18 Aug The Sum Of Us: Financing a family’s happiness
Alicia Geddes longs to spend her first year of motherhood at home with her son.
Unlike some of my more career-focused friends, I dreamt about being home with my baby full-time, at least for the first few years. I looked forward to my new roles as domestic goddess and ‘yummy mummy’, and to playing, teaching, and turning myself into a brilliant chef with the help of My Kitchen Rules and Jamie Oliver. My husband had just begun a new career, and when the two red lines appeared on the pregnancy test, we were ecstatic.
But as I impatiently awaited motherhood, we began to think about budgeting. The government’s paid parental leave would be a tremendous help, but then what? We realised that on my husband’s training wage there was no way we would be able to pay the mortgage without my returning to work part-time when the leave payments ended. Then, on closer inspection of our bills and expenditure, we realised I would actually have to return to work full-time. My dreams of full-time motherhood were shattered.
I asked my friends about their situations. One returned to work part-time six months after her daughter’s birth, to supplement her husband’s income. Another went back after six weeks, and consequently decided to stop breastfeeding, which would have entailed too much-added stress. She admitted she was a little sad she had missed that bonding experience.
I asked my mothers’ group how they met financial demands. Some were lucky enough to have plenty of money, while others had saved up before becoming pregnant to take a year off work. None said they planned to stay at home full-time after their child turned one. Would they if they were able to financially? Surprisingly, most said yes.
As I doted over my newborn son, the end of paid parental leave loomed and the prospect of missing many firsts – first crawl, first step, first word – was heart-rending. How would I be able to concentrate on work when I would be missing my son so much? Could I breastfeed during the night only? Could I possibly express enough milk every day to send with him to childcare?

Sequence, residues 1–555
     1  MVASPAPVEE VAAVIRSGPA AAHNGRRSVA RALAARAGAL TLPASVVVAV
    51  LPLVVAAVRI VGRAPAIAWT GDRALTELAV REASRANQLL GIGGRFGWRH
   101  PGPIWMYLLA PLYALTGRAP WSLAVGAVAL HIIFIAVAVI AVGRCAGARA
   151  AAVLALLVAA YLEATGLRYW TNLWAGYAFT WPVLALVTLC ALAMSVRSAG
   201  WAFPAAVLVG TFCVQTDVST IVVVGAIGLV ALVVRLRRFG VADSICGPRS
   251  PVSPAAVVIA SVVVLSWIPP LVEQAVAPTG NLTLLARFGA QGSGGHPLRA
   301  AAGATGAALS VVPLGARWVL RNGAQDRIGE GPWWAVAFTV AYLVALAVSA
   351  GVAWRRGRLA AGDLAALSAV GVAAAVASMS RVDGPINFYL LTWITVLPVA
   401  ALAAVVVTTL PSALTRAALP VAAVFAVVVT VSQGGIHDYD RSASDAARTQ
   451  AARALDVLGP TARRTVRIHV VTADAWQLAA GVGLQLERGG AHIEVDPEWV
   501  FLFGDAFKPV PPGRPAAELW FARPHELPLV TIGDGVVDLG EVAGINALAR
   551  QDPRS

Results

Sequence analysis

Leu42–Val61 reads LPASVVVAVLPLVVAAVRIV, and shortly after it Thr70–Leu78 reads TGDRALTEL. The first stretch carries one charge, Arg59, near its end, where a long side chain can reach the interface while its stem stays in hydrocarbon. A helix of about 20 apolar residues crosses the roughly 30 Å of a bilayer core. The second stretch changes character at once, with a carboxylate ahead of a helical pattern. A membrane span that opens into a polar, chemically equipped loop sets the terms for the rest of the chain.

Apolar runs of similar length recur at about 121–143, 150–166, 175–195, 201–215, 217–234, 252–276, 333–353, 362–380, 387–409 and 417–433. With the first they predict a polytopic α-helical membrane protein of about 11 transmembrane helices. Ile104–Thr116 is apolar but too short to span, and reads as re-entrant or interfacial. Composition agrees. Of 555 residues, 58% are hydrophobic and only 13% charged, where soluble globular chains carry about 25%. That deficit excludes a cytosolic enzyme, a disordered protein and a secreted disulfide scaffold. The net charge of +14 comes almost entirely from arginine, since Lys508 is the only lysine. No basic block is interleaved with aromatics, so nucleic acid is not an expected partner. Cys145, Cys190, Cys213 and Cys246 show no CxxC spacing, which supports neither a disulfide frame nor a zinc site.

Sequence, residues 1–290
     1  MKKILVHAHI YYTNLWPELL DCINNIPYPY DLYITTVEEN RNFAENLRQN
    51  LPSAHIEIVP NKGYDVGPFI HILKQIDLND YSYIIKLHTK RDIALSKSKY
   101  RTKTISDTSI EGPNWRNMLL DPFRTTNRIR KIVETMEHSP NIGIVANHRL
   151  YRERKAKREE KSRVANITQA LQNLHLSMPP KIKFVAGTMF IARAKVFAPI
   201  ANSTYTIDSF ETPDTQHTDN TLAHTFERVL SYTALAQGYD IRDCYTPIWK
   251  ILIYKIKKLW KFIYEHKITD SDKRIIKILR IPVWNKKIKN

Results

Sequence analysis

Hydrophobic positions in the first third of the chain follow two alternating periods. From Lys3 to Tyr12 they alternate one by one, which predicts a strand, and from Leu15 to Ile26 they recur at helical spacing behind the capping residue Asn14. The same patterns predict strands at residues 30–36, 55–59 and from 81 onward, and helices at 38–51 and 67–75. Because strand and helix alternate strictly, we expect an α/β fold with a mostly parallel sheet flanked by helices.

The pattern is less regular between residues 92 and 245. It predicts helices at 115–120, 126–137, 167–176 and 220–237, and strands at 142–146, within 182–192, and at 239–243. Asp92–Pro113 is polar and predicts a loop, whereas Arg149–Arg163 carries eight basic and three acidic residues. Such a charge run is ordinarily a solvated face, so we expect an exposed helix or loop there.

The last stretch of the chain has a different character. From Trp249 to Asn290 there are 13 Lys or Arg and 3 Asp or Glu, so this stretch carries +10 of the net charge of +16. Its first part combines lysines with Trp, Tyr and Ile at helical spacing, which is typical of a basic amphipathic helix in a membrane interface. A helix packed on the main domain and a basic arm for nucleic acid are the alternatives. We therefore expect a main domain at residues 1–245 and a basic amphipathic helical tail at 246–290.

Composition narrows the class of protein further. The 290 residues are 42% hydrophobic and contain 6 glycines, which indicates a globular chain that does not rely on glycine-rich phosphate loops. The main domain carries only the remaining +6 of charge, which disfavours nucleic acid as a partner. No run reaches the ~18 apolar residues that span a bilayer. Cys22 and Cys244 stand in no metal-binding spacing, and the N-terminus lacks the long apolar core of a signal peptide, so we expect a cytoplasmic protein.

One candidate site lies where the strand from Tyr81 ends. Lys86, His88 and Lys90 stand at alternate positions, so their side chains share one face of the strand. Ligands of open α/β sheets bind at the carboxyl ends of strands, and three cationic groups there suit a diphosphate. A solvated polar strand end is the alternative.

Jealousy brewed towards more affluent friends – those who had inherited houses, and mothers who actually wanted to return to work. I found myself resenting my husband, my parents and anyone else I thought could have saved me from returning to work but didn’t. I became teary, angry and anxious. I hated myself for these feelings and stopped enjoying my son.
While I was in a fit of hysterics one night, my parents suggested we live with them and rent out our house, which would ensure we met our payments and give me more time at home with my son. We accepted, and I felt a new self-loathing develop at the loss of our independence. We had ‘failed’ as parents to provide for our son, and would become a burden for my parents, while my siblings were self-sufficient.
But six months later, I’m a happy, relaxed mother, sharing the housework with my retired father and a household with my husband, son and parents. It’s a little cramped and a little less private, but we’re happy. I don’t know if I will need to work full-time when we move back to our own house in a year, but for the time being my son has a wonderful relationship with his grandparents, and I’m enjoying the precious first year at home with him.
I’m one of the lucky ones. I’ve realised we are good parents, as are many others, rich, poor and in between. You do the best with what you have, and any competition is created in the mind, from where it should be banished.
Illustration by Shane McGowan